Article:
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How to keep your team safe and healthy when working remotely

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Health and safety have become a crucial factor in this new era or working remotely, and leaders need to know how to keep a team safe and healthy in remote work.

Around 42% of office workers in the US are now working from home full time, allowing many businesses to remain open and functioning. Employers still have a responsibility to ensure that staff are not affected by an injury or illness due to the change in working practices. Many workplaces encourage breaks and have mental health help available to help employees working from home. Take a look at the ways you as an employer can further assist your remote workers.

Providing Equipment

When asking employees to work remotely, equipment should be given to ensure that they can continue with their regular activities. A risk assessment should be carried out by the employer to ensure that equipment can help reduce the risks of accidents or injuries. Employers should also consider whether further adaptations are required to allow workers with disabilities to perform their duties. Some companies are offering an allowance to employees to set up their own home office. Where this is not possible, substitutes to equipment should be suggested to meet health and safety directives, such as using a cushion to align with the computer monitor.

Injury And Accidents

Accidents can still happen while working from home. However, it should be considered whether the accident has occurred because you, as an employer, failed to protect your remote workers. Repetitive strain injuries can occur due to employer negligence according to Austin lawyers. This can be due to a failure to provide wrist support, foot support or an adjustable chair or desk. According to a survey, 92% of chiropractors have reported more incidences of neck, back and musculoskeletal pain since remote working began in 2020. Guidance should be issued to remote workers to avoid injuries and accidents.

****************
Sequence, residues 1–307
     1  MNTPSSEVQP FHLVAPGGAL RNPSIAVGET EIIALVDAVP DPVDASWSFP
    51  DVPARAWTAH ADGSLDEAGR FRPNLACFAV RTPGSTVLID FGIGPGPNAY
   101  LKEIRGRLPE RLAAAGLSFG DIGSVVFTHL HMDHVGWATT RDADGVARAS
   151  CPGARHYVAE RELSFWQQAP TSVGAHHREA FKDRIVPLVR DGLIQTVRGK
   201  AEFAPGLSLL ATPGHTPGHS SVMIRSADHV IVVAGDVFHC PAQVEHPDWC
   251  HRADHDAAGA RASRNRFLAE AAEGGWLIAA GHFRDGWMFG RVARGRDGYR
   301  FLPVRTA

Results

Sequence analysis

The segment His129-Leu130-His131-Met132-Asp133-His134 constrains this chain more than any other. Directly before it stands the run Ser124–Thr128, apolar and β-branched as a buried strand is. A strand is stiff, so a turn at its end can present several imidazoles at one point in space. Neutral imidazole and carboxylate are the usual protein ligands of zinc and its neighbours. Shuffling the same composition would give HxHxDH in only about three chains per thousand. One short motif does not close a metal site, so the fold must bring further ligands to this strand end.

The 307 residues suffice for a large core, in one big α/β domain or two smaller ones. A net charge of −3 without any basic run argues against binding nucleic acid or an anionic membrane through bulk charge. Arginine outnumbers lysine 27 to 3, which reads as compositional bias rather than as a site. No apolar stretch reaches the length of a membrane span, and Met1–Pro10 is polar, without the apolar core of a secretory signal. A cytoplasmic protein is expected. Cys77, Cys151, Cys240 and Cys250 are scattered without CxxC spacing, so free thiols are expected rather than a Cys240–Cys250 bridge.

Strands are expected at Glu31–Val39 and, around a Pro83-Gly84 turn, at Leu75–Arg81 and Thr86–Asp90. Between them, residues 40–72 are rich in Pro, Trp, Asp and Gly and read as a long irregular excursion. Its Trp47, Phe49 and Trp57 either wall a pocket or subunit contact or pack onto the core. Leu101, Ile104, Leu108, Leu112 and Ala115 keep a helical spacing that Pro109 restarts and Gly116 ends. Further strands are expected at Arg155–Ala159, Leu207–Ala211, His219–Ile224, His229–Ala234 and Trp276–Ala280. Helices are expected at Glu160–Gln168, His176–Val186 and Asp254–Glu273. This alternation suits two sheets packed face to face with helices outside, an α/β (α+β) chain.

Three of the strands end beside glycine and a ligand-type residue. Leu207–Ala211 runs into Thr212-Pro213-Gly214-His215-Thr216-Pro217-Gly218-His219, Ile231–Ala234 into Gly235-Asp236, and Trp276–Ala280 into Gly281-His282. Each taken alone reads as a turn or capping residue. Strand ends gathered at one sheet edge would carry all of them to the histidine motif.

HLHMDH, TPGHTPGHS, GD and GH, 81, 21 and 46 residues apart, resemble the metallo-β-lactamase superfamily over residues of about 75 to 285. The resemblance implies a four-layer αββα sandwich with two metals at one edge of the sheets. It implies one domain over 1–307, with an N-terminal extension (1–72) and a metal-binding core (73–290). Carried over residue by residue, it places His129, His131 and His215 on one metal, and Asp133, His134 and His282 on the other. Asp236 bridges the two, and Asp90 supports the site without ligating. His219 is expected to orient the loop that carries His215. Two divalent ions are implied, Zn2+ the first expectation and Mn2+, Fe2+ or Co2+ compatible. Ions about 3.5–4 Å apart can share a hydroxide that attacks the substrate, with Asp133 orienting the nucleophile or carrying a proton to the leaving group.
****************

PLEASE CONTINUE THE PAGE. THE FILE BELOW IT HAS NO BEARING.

Mental Health And Wellbeing

A 2017 report showed that 41% of employees working from home reported high levels of stress when compared to 25% of staff working in the office environment. Many people may feel lonely while working remotely, while others may find it difficult to concentrate if they have family or children at home. Employers can protect the health and wellbeing of all employees by assessing the risks associated with remote working and checking in on staff regularly to ensure they are coping. An assessment of stress levels can determine what support can be offered by management and colleagues.

All employers have a duty of care to their staff, ensuring that their health, safety and wellbeing is protected. This includes their safety while remote working; therefore, regular communication with workers is key. Continue to review policies and guidance to ensure that everyone is safe and well.

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